The Silent War | Movie Release, Showtimes & Trailer | Cinema Online
Movie Details

The Silent War

Adapted from the novel "Year Suan/Plot Against" by May Jia, "The Silent War" is set in 1950s, where the China Republic Government has just been established. There are revolutionists in different parts of China seeking chances to revolt and chaos is just around the corner. 701 Headquarters, which consists of Inspection, Interpretation and Operation departments, are set up to intercept telegraphs related to the rebel conspiracy. Chang Xue-ning is one such government agent. She is sent back to 701 Headquarters as her identity has been compromised in Hong Kong. Her new mission is to seek for someone with superb aural comprehension. She targets Luo San-er, a piano tuner, but as it turns out she had brought in Luo`s personal assistant, He Bing in instead. Bing is uncivilized and blind but his hearing is so splendid that can even hear the wind. Is he strong enough to be the saviour in this silent war?

Language: Cantonese
Subtitle: NA
Classification: P13
Release Date: 10 Aug 2012
Genre: Thriller
Running Time: 1 Hour 59 Minutes
Distributor: GSC MOVIES
Cast: Tony Leung Chiu-Wai, Zhou Xun, Mavis Fan
Director: Alan Mak
Format: 35MM

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Review
Writer: Elaine Ewe

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Watch this if you liked: "Infernal Affairs", "Initial D", "Confessions Of Pain" and "Overheard"

Alan Mak reteams with "Infernal Affairs" and "Confessions Of Pain" star Tony Leung Chiu-Wai for the political thriller "The Silent War", which centres around a blind piano tuner named He Bing (Tony Leung), whose crass ways belies a hidden aptitude for sounds. In the 1950s, the newly established China Republic Government faces threats of revolutionists seeking chances to revolt, which leads to the setup of 701 Headquarters, to decipher conspiracies through telegraph channels. However, one day in October, all of a sudden, the enemy shut down 126 military channels for 30 hours, and after hours, when they tune back the channels, only daily news is being broadcasted. Desperate, Chang Xue-ning (Zhou Xun), is sent to seek for Luo San-er, a master piano tuner, only to discover that it is Luo's personal assistant, He Bing, that helped him built up his reputation.

Leung's portrayal of He Bing resembles Simon Baker's portrayal of Patrick Jane is CBS' "The Mentalist". For those reading this who do not know, Patrick Jane is a former "psychic" who becomes a consultant to the fictional California Bureau of Investigation (CBI), using the highly developed observational skills he previously employed to "read" peoples' minds after a tragedy. Like Baker, Leung's He Bing is self-assured and cocky, yet he does not come off as exasperating, but endearing. When you pay for the admission ticket for "The Silent War", you are not paying to watch an Alan Mak film; you are paying to watch Tony Leung exert his charisma and skills over you, to laugh when he arrogantly shows of his skills, childishly sulks when he is rebuffed by his lady love and greedily make bargains with 701 Operatives. An actor who has won nine Hong Kong Film Awards and three Golden Horse Best Actor awards, Leung is Asia's Clark Gable who put his genius in acting since the 1990s, and it shows profoundly in "The Silent War", considering the film's narrative lack of presence.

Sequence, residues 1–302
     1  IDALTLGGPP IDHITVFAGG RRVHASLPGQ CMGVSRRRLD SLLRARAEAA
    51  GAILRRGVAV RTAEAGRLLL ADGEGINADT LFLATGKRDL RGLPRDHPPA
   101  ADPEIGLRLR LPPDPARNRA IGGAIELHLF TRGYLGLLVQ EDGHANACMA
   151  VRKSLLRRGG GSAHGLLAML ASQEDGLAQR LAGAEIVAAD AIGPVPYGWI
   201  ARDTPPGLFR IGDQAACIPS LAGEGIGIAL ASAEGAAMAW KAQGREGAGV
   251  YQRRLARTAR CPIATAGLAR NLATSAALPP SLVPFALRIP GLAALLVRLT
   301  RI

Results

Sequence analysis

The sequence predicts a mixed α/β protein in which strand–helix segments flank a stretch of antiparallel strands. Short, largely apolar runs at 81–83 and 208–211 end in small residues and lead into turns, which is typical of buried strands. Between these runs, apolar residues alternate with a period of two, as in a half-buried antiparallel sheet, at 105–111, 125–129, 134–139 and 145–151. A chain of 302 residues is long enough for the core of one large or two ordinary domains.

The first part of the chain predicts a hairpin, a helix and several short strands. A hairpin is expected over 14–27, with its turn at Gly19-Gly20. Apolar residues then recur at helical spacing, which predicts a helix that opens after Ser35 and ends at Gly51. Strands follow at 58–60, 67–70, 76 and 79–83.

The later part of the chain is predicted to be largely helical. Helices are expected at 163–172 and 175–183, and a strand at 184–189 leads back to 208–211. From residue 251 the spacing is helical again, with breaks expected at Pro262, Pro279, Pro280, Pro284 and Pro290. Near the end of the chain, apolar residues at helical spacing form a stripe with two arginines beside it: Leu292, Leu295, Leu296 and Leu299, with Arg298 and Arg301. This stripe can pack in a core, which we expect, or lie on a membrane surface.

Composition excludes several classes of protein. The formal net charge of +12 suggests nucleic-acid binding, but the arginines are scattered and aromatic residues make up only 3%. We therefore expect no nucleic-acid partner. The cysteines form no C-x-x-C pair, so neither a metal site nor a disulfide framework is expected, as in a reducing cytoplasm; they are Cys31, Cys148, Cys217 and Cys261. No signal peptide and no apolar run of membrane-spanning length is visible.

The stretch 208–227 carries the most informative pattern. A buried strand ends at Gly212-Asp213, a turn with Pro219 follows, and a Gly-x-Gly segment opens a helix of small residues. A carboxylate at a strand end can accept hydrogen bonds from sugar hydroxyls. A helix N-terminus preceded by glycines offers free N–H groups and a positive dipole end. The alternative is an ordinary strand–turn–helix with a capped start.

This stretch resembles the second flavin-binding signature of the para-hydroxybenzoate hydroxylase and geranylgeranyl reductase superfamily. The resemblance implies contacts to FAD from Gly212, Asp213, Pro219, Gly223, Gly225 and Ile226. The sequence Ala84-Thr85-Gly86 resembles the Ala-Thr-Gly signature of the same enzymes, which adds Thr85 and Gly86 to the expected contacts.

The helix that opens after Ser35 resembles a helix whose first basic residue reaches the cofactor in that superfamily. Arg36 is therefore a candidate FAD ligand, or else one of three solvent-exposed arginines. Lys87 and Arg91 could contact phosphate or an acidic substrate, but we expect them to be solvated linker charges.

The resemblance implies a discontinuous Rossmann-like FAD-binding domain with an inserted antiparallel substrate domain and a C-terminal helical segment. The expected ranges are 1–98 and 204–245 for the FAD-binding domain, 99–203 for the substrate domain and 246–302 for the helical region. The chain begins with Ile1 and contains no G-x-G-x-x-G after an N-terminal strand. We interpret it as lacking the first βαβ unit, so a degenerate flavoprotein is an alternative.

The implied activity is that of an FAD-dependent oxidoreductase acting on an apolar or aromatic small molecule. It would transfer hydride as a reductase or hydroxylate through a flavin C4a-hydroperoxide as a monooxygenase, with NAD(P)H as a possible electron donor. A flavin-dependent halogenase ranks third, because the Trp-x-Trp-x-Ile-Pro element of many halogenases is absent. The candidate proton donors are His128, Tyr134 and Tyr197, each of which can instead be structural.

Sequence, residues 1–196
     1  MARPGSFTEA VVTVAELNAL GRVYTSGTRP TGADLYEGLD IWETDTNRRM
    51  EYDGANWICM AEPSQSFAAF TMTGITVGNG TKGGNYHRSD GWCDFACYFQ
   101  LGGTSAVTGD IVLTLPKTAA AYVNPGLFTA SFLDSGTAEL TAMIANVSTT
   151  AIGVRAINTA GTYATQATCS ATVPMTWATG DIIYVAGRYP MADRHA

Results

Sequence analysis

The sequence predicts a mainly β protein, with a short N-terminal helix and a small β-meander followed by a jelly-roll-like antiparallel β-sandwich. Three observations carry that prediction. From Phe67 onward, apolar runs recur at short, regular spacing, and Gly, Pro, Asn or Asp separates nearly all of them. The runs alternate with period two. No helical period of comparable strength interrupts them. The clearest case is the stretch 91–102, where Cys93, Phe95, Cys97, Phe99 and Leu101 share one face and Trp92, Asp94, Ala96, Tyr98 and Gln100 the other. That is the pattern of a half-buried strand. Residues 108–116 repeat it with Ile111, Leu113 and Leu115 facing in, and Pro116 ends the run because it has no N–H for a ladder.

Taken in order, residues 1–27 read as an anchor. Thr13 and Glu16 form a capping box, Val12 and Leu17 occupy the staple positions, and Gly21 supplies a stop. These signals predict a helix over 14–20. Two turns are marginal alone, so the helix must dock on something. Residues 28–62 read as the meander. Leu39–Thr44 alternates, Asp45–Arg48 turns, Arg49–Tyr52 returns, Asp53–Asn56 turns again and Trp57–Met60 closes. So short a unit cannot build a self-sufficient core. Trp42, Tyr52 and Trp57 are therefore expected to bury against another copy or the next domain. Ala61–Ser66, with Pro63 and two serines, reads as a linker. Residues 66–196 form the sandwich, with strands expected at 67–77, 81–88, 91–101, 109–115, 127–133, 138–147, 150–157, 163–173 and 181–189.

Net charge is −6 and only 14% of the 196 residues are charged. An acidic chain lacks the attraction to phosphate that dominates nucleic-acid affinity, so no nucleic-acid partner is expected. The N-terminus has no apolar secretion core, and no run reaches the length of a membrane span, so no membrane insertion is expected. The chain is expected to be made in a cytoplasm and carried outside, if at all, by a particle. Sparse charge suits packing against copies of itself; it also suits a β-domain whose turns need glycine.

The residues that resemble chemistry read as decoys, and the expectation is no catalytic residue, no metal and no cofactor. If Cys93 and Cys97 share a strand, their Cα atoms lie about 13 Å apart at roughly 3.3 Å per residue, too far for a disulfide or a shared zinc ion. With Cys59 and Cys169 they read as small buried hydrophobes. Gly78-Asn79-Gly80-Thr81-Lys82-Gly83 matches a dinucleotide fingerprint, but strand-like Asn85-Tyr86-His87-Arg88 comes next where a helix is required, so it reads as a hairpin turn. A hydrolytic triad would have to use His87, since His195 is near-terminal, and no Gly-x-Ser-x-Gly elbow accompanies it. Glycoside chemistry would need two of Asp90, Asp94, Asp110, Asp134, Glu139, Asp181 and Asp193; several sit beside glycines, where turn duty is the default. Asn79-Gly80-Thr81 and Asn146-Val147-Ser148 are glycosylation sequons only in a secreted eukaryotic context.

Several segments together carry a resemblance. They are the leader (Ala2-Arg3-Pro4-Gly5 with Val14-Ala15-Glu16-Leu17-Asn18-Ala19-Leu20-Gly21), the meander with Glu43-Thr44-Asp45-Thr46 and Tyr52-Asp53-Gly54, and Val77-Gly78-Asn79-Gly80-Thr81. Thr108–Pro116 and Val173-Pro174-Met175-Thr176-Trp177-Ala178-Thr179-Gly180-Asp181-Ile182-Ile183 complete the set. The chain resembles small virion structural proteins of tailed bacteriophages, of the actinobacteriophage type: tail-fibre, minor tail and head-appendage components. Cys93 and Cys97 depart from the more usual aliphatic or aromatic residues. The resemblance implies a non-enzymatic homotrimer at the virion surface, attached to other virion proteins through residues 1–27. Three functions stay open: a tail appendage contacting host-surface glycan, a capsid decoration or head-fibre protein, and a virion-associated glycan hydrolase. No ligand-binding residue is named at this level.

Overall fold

It cannot be said that "The Silent War" is for lack of trying, but therein lies the problem. The film tries too hard to be the political thriller that "Infernal Affairs" was, but the latter has the advantage of an ensemble cast that consists of Hong Kong's top four actors, Andy Lau, Tony Leung Chiu-Wai, Eric Tsang and Anthony Wong. "The Silent War" only has Tony Leung, Zhou Xun and Mavis Fan. Thankfully, what is there for "The Silent War" does not do too shabbily. Alan Mak tries his best to craft "The Silent War" into a departure of stereotype, such as giving He Bing a life outside of his interest with Chang Xue-Ning, changing the title from "The Windseeker" to "The Silent War" to sound less cheesy and more metaphoric, and inserting a twist towards the end, although more detail and background on Zhou Xun and Mavis Fan's character would have been welcome. We never got to learn why Chang Xue-Ning acted the way she did with He Bing, nor do we get more acting out of Mavis Fan beyond her eager, kind and understanding persona. On the other hand, you'd be hard-pressed to complain about their acting in the film and chemistry like that between Tony Leung and Zhou Xun is not easy to come by.


Alan Mak has demonstrated that he could do cinematography as well as the other Hong Kong director after "Infernal Affairs", "Initial D", "Confessions Of Pain" and "Overheard", and he does not disappoint either in "The Silent War". While almost every shot in the film is praiseworthy, the best have got to be his framing of Zhou Xun and Tony Leung's walk in the forest, two lone figures surrounded by greenery. Another scene would be how the final act revolving He Bing is built up, through faded and fuzzy overlaying scenes that incite us viewers to think instead of straight-out assuming we are stupid.

A great disappointment by the "Infernal Affairs" man's high standards, but for everyone else, "The Silent War" is a visually striking film, that which the price of admission is more than justified by Hong Kong's 'It' man, Tony Leung Chiu-Wai's charisma and performance.

Cinema Online, 09 August 2012
   
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Classification
U - General viewing for all ages
P13 - Parental guidance is advisable for children below 13 years old
18 - For 18+ with elements for mature audiences
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